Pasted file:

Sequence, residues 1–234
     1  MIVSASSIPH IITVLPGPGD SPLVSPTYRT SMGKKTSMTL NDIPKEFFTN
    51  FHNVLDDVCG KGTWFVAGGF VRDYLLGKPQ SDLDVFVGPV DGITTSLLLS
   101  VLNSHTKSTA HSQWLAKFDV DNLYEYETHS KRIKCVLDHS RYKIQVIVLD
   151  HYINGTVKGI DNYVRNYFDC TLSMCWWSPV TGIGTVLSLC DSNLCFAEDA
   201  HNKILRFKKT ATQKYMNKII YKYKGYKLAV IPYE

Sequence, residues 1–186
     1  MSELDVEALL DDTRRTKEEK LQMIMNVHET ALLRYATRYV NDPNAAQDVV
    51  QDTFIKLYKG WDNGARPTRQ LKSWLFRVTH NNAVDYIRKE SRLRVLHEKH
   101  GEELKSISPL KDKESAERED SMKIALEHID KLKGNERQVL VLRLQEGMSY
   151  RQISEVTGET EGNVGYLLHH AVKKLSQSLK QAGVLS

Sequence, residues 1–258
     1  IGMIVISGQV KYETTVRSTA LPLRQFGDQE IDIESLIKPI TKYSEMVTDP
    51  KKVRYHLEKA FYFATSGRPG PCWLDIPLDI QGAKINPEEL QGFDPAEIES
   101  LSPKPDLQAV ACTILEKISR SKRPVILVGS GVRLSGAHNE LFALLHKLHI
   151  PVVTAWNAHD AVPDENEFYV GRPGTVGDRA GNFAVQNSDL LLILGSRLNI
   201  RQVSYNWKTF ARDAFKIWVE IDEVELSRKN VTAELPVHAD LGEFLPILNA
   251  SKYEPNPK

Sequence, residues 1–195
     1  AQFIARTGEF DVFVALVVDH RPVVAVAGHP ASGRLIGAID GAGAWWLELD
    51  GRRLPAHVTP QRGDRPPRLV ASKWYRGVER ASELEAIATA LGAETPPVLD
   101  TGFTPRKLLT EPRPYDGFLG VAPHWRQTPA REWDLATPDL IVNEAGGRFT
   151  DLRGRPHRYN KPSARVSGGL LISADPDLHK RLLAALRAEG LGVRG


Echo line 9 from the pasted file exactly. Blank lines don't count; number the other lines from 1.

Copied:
    51  QDTFIKLYKG WDNGARPTRQ LKSWLFRVTH NNAVDYIRKE SRLRVLHEKH